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Excerpt from Oral History Interview with Koka Booth, July 6, 2004. Interview K-0648. Southern Oral History Program Collection (#4007) See Entire Interview >>

Drawing businesses to Cary, North Carolina

Booth remembers Cary in the early 1970s, a small town with two traffic lights and not much of an industrial base. He and other community leaders decided to draw businesses there, and found a great deal of success, attracting industrial and technology companies. Booth's goal was to make Cary the kind of place that would offer his children jobs if they wanted to start a career in their hometown.

Citing this Excerpt

Oral History Interview with Koka Booth, July 6, 2004. Interview K-0648. Southern Oral History Program Collection (#4007) in the Southern Oral History Program Collection, Southern Historical Collection, Wilson Library, University of North Carolina at Chapel Hill.

Full Text of the Excerpt

What was Cary like when you first joined the Council, and then how did it change?
KOKA BOOTH:
Couldn't buy a pair of shoes for my boys here in town. Two doctors, I think we had two traffic lights. There was not a sidewalk from Ashworth Drugs to the elementary school. Great community. People were absolutely wonderful. The school was good. Just what you would expect with a small town atmosphere. It was here. A lot of new people. What was interesting, everybody, a lot of people were new and so you didn't feel like the new kid on the block, and our kids did not feel like the new kid on the block because there were so many new people. So it was easy. Everybody was looking to make new friends, so that was very easy for everybody. A lot of people from many different locations came here.
PEGGY VAN SCOYOC:
But there really wasn't an industry base at that time?
KOKA BOOTH:
We had Taylor Biscuit Company was located here. There was W.R. Grace had a facility that, they filled the drums with chemicals for agriculture next to that plant. Other than that in the "city limits" that was about it. We had some facilities relatively close, but they weren't in the city and so the city didn't get any taxes out of them.
PEGGY VAN SCOYOC:
So at that time, the only tax base that we really had…
KOKA BOOTH:
It was 9% non-residential and 91% residential.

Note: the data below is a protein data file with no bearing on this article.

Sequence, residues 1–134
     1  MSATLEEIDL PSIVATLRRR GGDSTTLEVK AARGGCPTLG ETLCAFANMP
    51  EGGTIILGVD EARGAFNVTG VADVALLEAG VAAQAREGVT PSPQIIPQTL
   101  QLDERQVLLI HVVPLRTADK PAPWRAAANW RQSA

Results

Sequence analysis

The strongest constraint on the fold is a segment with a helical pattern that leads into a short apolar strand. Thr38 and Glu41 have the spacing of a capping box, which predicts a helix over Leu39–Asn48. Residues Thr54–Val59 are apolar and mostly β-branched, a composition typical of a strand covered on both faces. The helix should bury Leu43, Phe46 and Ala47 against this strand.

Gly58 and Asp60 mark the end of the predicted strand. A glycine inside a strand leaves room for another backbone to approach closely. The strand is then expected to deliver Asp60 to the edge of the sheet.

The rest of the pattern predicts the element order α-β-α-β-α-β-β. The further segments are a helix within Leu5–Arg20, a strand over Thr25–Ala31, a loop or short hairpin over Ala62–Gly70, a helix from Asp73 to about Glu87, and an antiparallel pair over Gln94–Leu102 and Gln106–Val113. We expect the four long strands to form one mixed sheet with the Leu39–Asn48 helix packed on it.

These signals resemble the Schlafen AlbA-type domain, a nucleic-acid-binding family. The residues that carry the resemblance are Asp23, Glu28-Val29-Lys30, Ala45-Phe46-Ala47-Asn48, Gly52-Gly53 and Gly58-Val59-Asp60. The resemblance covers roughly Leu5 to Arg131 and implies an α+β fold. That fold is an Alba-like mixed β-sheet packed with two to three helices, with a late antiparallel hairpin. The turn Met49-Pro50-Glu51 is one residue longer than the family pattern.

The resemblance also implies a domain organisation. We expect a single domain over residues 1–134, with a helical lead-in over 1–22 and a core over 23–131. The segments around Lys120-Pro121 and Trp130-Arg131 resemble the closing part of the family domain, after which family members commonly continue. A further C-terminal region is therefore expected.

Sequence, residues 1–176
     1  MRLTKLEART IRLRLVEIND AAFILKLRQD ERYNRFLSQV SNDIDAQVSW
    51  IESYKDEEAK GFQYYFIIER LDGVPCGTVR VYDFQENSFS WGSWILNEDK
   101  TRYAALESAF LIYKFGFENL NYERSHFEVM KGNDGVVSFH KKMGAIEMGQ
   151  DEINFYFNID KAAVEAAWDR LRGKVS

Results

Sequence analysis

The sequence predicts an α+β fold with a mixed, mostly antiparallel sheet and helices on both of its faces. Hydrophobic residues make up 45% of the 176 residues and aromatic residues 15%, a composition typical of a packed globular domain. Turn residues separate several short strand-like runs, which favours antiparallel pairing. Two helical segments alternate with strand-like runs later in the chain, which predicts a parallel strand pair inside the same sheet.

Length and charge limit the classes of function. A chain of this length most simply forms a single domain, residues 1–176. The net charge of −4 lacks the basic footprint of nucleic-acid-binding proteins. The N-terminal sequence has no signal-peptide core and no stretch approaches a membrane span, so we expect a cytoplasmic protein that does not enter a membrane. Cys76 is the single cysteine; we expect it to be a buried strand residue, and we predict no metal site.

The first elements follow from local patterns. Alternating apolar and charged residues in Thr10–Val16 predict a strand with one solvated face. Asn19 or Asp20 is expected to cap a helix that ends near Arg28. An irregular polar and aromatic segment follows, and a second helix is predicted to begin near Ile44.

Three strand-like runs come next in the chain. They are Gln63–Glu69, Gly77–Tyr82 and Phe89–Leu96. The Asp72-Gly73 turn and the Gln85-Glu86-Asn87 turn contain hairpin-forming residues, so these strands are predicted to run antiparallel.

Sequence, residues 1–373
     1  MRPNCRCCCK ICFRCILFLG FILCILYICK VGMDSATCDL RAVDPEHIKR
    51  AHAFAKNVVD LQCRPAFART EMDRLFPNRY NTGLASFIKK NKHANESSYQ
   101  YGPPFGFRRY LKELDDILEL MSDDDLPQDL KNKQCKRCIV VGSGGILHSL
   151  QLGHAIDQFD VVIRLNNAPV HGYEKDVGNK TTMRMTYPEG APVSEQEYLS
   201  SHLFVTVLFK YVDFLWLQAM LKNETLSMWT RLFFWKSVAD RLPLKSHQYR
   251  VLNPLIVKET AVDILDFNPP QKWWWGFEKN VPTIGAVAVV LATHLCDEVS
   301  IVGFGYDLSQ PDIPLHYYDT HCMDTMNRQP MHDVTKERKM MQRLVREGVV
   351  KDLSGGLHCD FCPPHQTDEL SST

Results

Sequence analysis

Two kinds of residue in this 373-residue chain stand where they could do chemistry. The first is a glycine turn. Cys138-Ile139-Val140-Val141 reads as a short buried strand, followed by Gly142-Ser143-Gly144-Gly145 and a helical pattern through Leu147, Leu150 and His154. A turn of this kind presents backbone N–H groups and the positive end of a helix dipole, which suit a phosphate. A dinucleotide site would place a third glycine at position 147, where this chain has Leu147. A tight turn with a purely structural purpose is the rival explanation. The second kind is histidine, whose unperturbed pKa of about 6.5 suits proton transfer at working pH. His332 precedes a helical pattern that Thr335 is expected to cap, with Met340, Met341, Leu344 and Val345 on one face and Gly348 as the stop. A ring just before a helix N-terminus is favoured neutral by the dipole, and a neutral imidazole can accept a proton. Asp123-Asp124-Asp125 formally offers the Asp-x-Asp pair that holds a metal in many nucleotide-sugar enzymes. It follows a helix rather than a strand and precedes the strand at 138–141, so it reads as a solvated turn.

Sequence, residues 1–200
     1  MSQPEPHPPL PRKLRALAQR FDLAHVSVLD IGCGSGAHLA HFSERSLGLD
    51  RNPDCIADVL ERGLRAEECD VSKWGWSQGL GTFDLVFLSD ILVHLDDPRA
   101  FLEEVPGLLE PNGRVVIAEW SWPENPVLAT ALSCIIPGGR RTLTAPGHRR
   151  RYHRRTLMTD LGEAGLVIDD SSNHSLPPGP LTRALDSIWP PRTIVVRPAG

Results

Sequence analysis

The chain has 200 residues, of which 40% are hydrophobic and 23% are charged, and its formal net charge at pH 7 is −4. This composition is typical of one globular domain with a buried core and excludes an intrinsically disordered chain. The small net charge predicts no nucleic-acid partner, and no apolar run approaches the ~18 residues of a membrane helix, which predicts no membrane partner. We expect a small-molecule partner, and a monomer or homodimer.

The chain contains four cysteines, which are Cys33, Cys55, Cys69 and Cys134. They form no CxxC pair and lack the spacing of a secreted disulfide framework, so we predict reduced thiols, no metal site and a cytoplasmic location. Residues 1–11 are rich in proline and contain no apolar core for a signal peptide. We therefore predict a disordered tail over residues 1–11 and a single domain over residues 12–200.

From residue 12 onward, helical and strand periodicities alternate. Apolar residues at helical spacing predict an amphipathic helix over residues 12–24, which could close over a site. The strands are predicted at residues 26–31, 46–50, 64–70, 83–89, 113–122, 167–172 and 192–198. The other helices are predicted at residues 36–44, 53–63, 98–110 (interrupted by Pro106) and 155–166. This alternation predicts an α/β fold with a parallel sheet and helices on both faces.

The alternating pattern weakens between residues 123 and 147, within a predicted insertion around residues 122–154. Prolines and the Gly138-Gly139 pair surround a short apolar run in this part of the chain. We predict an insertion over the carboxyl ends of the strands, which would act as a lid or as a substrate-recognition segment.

PEGGY VAN SCOYOC:
Wow. Was there a lot of development going on yet?
KOKA BOOTH:
Building was a very active business in Cary. When I moved here, shortly thereafter, Pirate's Cove started to be built. You can see the size that turned out to be. Then in about '72, '73, Kildaire Farms announced their development. MacGregor, we were not the ninth house to be built in MacGregor, but we were the ninth family to move into MacGregor. So that's kind of the trend that you saw suddenly develop. There was a development off of Maynard Road called Wishing Well Village that they developed a number of homes. There was a development off of Pamlico Drive that built some homes. That's, you see where the areas were being located. Nice homes but everybody was traveling someplace else to work.
PEGGY VAN SCOYOC:
So when and how did that change?
KOKA BOOTH:
As I remember it, I think when the, there was a group of a hundred people got together at MacGregor one day and said, we had to do something to change directions here in town. They agreed to put some money together and buy some land and have it rezoned for industrial development. They bought land over off of Old Apex Road and the first company that built there was the pharmaceutical aerosol group that built over there from England. Then the land between U.S. 1 and 64 across the street from MacGregor was zoned for an industrial park. There was a great deal of raised eyebrows about that, but the very first industry we recruited there was Firetrol from Erie, Pennsylvania who made fire suppressant equipment. You can go there today and it looks like an office building. Then Container Graphics, of course the Lord Corporation built a research facility there. We got a company out of California that built sprinkling equipment called Hunter Industries. There are just so many really top notch, high quality industries that were attracted to that park. That was kind of the turning point. We were shooting for a goal of 60% residential and 40% non-residential. Came close two or three times to retaining that, but it was always a goal and we never quite met it. But when we raised that bar and started getting industry, and getting good industry, it made so much difference. Of course now, places like SAS came to Cary in 1980 and just absolutely made all the difference in the world for being here. When they moved here, they came here with twenty people from Raleigh.
PEGGY VAN SCOYOC:
Only twenty? How many employees does SAS have in Cary now?
KOKA BOOTH:
4,000 plus here today with 900 acres and 24 buildings. The company is 10,000 employees worldwide, almost. Now you can see what that difference makes to a community. People like SAS contribute so far more than tax base to a community. It is unbelievable what they do. The employees who are making good salaries and things, they can contribute so much. They like the arts, they like professional sports, they like college sports. They like for their kids to have nice soccer fields, like SAS Soccer Park and things like that. It makes so much difference. So that was the vision that we had. Most of the people on the Council had young children and we kept saying, we just want it so our kids can stay here and work if they want to. That was our goal.